Multireligious, multiethnic, and culturally plural postcolonial societies debate over who should govern the family as states and religious groups struggle to regulate the family. There are several reasons why states and groups aim to regulate the conjugal family: States realize their liberal, secular projects by infiltrating and fashioning individual subjectivities. States also strive for social cohesion, the transmission of property (Glendon 1981, 1989), and the delegation of welfare responsibilities (Menski 2001). In addition, the regulation of family is often tied to the nation-building projects of states (Heuer 2005; Loos 2006; Woods 2004). Furthermore, the demarcation of kinship boundaries forms the basis of the state; it creates race, caste, and religious groups (Cott 2000; Loos 2006), and enables the state to perpetuate itself (Hanley 1989; Stevens 1999). Similarly, religious and cultural groups identify religious or customary laws as markers of group identity and seek autonomy to govern the family. Groups, too, seek to perpetuate themselves and attempt to impact upon or subvert the statist vision of the nation by regulating the family (Woods 2004; Yuval-Davis 1997).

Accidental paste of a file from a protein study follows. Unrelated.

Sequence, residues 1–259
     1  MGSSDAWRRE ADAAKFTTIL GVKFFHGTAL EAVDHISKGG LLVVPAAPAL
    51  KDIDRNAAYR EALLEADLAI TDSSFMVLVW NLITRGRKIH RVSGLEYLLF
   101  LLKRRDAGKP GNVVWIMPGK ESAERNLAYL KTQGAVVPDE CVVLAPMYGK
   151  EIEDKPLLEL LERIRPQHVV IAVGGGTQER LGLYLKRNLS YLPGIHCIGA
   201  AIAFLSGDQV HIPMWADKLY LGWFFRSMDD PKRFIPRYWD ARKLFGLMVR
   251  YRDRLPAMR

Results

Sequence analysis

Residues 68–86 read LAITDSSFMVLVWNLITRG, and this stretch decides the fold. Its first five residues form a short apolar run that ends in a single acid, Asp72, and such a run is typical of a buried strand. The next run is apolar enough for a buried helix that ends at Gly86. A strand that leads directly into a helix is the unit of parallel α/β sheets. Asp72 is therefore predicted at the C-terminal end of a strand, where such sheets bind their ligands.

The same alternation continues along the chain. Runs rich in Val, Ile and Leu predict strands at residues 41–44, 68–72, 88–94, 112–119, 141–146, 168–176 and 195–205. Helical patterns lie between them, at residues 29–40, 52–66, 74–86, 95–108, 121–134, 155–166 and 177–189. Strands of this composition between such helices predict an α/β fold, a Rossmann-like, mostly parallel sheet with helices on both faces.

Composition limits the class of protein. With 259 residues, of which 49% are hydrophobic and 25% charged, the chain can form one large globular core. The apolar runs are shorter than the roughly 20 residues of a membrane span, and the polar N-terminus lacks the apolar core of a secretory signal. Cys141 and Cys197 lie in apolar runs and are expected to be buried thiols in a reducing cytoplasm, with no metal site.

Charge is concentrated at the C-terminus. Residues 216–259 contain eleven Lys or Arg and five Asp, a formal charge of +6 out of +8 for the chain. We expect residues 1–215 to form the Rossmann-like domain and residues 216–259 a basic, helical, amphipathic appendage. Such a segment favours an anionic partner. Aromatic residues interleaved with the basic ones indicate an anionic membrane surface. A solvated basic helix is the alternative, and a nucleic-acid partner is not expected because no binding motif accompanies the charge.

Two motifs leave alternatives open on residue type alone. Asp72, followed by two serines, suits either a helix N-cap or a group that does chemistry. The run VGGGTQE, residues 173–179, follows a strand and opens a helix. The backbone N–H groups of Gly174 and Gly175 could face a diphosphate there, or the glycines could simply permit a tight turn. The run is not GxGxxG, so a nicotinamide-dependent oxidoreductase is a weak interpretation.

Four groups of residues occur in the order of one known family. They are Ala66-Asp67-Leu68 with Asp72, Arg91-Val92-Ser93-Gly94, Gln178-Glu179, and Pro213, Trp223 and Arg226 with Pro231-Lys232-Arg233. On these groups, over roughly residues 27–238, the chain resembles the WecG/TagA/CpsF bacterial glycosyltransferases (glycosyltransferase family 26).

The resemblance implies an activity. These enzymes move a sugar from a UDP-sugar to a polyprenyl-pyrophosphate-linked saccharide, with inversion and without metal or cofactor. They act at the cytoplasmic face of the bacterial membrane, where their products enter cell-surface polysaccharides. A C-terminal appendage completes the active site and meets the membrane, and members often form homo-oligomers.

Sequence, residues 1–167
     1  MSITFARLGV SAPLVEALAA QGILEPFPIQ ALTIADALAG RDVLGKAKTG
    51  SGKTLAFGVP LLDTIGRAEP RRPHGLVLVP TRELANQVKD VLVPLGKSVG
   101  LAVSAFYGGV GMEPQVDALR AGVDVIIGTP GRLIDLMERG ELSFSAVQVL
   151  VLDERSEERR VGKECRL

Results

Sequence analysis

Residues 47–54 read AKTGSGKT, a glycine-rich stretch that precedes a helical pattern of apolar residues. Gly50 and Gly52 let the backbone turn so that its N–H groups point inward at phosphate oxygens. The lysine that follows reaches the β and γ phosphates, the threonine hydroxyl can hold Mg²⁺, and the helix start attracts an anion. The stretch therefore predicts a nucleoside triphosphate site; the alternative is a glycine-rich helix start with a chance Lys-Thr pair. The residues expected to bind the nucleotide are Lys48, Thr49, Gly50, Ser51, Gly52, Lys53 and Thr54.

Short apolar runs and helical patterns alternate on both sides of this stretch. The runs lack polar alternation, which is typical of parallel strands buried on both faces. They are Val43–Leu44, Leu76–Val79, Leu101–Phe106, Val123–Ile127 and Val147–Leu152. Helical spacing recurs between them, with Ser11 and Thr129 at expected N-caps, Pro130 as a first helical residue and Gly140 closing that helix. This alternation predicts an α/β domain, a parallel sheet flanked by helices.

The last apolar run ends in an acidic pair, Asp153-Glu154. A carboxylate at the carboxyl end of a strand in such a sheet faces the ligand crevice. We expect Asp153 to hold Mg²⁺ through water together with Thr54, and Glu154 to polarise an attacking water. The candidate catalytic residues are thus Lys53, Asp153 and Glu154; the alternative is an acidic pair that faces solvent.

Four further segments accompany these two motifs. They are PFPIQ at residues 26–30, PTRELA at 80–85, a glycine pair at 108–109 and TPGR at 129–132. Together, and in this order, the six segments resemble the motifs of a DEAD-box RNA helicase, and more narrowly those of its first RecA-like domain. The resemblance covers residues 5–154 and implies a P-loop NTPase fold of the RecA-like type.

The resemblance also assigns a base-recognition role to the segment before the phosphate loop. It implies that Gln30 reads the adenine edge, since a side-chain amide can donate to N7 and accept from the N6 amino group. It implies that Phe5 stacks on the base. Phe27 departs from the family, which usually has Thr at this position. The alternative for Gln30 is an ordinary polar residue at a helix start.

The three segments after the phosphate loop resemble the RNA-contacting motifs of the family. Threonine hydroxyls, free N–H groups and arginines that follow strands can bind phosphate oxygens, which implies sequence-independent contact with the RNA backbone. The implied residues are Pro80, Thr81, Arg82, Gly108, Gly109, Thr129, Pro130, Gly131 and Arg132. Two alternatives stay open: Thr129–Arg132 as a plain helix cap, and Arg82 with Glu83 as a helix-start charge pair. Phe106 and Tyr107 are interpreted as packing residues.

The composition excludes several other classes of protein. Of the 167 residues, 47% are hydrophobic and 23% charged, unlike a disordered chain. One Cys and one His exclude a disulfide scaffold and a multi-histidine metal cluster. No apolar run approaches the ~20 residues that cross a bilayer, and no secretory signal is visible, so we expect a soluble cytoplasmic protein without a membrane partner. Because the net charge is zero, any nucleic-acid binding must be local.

In this context, the key question is whether states should adopt legal centralism and enact uniform laws to govern the family, or provide autonomy to religious or cultural groups through the adoption of legal pluralism. States like Turkey, Thailand, and Ethiopia, which have not been officially colonized, have enacted uniform civil codes, though neither has been successful in wiping out legal pluralism on the ground.